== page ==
The term “cell type specific” as applied to a promoter refers to a promoter which is capable of directing selective expression of an oligonucleotide sequence in a specific type of cell in the relative absence of expression of the same oligonucleotide sequence in a different type of cell within the same tissue. The term “cell type specific” when applied to a promoter also means a promoter capable of promoting selective expression of an oligonucleotide in a region within a single tissue. Again, selectivity need not be absolute. Cell type specificity of a promoter may be assessed using methods well known in the art, e.g., immunohistochemical staining as described herein. Briefly, tissue sections are embedded in paraffin, and paraffin sections are reacted with a primary antibody which is specific for the polypeptide product encoded by the oligonucleotide sequence whose expression is controlled by the promoter. As an alternative to paraffin sectioning, samples may be cryosectioned. For example, sections may be frozen prior to and during sectioning thus avoiding potential interference by residual paraffin. A labeled (e.g., peroxidase conjugated) secondary antibody which is specific for the primary antibody is allowed to bind to the sectioned tissue and specific binding detected (e.g., with avidin/biotin) by microscopy.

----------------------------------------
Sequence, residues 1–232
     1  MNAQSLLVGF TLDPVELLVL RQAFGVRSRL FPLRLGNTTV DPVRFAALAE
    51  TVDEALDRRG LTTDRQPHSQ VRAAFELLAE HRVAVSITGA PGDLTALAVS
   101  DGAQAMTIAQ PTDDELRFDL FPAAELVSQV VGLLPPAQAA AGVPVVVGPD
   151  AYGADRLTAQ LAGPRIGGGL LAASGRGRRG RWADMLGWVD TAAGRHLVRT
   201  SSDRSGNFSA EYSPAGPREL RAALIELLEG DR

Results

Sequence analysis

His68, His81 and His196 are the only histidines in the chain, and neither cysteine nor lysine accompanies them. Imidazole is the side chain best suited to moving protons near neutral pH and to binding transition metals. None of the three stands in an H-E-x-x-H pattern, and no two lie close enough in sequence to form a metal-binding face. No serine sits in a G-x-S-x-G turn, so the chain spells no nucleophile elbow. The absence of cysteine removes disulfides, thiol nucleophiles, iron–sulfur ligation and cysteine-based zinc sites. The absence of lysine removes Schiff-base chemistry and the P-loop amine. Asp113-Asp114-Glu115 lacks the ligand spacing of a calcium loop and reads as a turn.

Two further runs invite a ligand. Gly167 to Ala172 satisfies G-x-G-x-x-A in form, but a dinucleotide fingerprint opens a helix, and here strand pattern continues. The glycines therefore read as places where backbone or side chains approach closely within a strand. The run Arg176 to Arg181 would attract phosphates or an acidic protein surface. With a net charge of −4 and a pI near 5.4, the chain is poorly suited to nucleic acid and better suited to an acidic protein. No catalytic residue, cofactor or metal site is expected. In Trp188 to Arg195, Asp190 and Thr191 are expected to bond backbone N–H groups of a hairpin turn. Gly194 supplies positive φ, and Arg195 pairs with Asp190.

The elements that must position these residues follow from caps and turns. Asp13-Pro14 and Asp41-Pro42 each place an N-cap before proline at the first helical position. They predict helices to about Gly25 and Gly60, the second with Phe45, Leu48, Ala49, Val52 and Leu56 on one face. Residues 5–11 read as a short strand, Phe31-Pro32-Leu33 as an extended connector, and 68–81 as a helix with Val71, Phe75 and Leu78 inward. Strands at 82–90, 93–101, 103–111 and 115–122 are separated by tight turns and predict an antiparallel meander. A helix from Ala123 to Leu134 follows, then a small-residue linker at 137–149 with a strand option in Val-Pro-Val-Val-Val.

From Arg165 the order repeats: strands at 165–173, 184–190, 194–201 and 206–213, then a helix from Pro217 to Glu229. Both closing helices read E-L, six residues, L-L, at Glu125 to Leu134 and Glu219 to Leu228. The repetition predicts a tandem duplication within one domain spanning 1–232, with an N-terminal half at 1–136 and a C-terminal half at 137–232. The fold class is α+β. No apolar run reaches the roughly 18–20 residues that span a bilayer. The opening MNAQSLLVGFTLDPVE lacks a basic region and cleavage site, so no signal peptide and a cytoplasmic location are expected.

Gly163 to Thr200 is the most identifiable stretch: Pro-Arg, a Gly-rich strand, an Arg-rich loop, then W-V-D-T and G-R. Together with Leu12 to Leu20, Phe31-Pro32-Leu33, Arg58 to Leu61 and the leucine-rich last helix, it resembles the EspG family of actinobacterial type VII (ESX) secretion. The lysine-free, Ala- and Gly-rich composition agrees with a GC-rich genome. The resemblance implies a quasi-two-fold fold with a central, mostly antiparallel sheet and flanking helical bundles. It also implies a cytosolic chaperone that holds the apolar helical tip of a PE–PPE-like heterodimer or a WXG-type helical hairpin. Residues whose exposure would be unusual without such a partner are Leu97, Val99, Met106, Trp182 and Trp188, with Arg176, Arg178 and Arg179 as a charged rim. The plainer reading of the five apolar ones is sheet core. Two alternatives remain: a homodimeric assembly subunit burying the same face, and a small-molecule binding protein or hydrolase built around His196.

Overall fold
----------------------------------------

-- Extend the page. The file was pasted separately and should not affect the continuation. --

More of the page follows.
The terms “selective expression,” “selectively express” and grammatical equivalents thereof refer to a comparison of relative levels of expression in two or more regions of interest. For example, “selective expression” when used in connection with tissues refers to a substantially greater level of expression of a gene of interest in a particular tissue, or to a substantially greater number of cells which express the gene within that tissue, as compared, respectively, to the level of expression of, and the number of cells expressing, the same gene in another tissue (i.e., selectivity need not be absolute). Selective expression does not require, although it may include, expression of a gene of interest in a particular tissue and a total absence of expression of the same gene in another tissue. Similarly, “selective expression” as used herein in reference to cell types refers to a substantially greater level of expression of, or a substantially greater number of cells which express, a gene of interest in a particular cell type, when compared, respectively, to the expression levels of the gene and to the number of cells expressing the gene in another cell type.